New Delhi: Ruling Congress party is under pressure from its main allies to withdraw a hike in motor fuel prices, testing the government’s commitment to a move that may add to inflation but is needed to cut the fiscal deficit.
Petrol prices rose about 6% and diesel prices by 7.75% after the government increased factory-gate taxes and import duties on the fuels as part of last week’s 2010/11 federal budget which has stressed fiscal prudence.
But with food prices rising at an annual rate of nearly 20%, government allies Trinamool Congress and the DMK party, which give it a parliamentary majority, have said higher fuel prices will further hurt the poor.
“With price rise, the common man gets agitated. Even otherwise, rates are very high,” said Trinamool chief and railway minister Mamata Banerjee, who has her eyes on winning local elections in her stronghold state of West Bengal next year.
DMK chief M Karunanidhi too has written to the government asking for a rollback as a measure of containing inflation, a politically charged issue that has given the opposition a weapon to attack the government and start street protests.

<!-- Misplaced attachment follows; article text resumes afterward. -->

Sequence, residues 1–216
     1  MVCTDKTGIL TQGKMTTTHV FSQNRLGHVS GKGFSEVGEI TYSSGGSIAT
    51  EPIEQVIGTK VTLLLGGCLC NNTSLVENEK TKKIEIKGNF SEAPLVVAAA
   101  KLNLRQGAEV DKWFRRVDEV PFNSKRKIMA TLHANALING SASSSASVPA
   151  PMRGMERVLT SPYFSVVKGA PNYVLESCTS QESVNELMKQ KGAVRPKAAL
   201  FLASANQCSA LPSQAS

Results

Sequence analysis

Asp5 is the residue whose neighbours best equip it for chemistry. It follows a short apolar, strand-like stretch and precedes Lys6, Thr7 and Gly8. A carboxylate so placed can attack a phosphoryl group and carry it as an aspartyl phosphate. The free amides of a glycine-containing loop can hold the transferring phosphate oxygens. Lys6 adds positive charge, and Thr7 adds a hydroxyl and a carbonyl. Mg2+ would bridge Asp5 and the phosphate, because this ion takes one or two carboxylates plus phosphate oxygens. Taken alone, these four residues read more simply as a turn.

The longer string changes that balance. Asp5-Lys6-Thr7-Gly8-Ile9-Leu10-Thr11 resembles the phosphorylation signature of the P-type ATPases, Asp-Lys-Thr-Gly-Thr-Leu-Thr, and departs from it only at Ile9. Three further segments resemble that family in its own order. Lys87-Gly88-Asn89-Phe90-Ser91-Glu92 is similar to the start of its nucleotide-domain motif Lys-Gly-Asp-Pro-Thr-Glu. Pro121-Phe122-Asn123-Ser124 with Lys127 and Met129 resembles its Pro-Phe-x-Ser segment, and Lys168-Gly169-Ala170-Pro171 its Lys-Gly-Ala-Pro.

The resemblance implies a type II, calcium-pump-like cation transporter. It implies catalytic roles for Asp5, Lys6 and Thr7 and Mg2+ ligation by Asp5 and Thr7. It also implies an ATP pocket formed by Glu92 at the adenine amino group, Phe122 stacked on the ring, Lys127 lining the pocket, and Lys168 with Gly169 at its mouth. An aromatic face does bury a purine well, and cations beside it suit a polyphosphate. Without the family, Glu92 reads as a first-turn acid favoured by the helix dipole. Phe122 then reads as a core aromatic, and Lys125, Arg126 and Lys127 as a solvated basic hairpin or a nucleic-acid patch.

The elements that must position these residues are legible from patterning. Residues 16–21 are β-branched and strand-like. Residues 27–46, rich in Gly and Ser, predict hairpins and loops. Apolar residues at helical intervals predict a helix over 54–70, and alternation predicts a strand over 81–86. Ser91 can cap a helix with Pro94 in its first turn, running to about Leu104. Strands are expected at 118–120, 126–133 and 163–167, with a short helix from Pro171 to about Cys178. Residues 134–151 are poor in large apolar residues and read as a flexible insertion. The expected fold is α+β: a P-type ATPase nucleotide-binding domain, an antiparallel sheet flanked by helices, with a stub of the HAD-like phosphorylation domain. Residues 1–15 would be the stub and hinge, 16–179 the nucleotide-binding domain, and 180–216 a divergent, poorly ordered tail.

In India, the government sets retail prices of petrol, diesel, cooking gas and kerosene to help control inflation and protect consumers, particularly the poor, from sharp fluctuations in energy prices.
But it now says is considering giving up control of fuel prices to help rid itself of a crippling subsidy burden and cut the fiscal deficit to an estimated 5.5% of GDP in 2010/11 from 6.9% this year.
While the allies’ demand does not threaten the government’s stability, the Congress party has been mindful of angering its core constituency, the rural poor, and has repeatedly given in to street protests over reform moves such as freeing up farm prices.
This has raised fears about political expediency trumping firm governance, slowing down reform moves that entail painful adjustments to freer markets.
The left-of-centre Congress party says it will try to convince its allies about the need to control deficit.
“This is a well considered decision and we are hopeful our partners will see the rationale,” a senior Congress leader said, adding that a rollback would upset the new budget.
But a section of the Congress, more worried about spiralling inflation, is believed to be keen on rolling back the fuel price hike to blunt growing pressure from the opposition, which has repeatedly disrupted ongoing parliamentary proceedings.
“The prime minister and Soniaji (Congress party chief Sonia Gandhi will take a final decision on this,” another Congress official said.